When I was in my third year of studying medicine, things in my life started spiralling downhill. I was hardly sleeping or eating, was having trouble concentrating at university, and was feeling incredibly low and anxious about life. I was having thoughts that my flatmates were planning to have me kicked out of our house.
I felt so bad for feeling bad, when I couldn’t see any logical reason for it.
I had a great friend who I felt safe to share some of my experiences with. It was through her encouragement to talk with my doctor at student health that I finally managed to see a health professional and talk about my low mood.
Once I started on antidepressants it was my flatmates (the ones I thought wanted me kicked out) who supported me. They reminded me to eat healthily, and they kept me company when I wanted to isolate myself.
My church family gave me loving environments to retreat to when I needed time out in a family home. My pastor talked with a psychiatrist about how my church could support me best.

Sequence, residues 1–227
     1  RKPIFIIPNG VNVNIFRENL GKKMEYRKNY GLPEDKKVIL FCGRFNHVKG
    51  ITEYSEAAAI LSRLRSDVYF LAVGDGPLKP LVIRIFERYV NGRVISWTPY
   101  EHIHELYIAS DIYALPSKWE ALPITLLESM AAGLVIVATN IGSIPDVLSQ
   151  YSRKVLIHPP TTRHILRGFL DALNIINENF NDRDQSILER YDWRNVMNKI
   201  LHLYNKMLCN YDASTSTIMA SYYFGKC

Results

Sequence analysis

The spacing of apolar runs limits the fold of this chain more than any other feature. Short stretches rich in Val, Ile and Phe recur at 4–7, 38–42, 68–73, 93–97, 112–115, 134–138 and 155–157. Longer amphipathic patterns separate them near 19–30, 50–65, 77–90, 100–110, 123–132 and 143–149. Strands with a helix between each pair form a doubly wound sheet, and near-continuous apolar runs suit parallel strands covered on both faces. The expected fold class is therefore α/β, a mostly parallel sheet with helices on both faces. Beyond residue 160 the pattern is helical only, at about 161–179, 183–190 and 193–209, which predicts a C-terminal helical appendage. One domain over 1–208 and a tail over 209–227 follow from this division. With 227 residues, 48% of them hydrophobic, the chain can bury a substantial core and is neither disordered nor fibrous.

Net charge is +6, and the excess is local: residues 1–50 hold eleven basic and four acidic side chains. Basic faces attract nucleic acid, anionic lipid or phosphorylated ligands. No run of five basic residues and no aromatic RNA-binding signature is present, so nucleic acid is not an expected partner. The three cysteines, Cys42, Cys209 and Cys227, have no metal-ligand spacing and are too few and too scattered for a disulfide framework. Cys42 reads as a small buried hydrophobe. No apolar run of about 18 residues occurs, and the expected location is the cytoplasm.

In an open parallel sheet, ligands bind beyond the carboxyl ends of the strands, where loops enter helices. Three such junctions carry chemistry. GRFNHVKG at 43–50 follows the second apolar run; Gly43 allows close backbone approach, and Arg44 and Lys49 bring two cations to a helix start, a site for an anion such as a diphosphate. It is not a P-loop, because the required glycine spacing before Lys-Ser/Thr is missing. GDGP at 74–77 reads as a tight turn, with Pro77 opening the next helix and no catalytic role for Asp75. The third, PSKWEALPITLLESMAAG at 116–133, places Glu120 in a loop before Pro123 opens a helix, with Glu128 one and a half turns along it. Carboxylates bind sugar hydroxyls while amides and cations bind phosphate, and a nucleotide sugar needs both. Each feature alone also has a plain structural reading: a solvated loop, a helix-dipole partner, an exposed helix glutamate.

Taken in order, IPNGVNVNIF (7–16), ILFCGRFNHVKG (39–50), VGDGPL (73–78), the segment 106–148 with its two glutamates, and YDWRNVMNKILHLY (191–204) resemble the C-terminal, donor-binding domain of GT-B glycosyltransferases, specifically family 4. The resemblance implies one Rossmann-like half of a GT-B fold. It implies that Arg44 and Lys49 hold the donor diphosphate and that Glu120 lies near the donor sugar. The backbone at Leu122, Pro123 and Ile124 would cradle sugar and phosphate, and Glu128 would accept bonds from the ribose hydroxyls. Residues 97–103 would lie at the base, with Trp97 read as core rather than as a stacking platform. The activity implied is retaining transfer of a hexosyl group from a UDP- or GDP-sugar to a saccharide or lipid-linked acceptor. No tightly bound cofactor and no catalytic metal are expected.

It didn’t get better straight away, but in time and with good supports and treatments things have improved.
My advice to someone with a friend who is struggling with their mental health is to be the best friend you can be to them. Not the best pharmacist, or doctor, therapist or parent. Do what friends do, do it well and with compassion.
Amanda Luckman is a book lover who struggles to finish books, a coffee drinker, and a person who treasures fresh air but works full time in an office at the Ministry of Health in Wellington.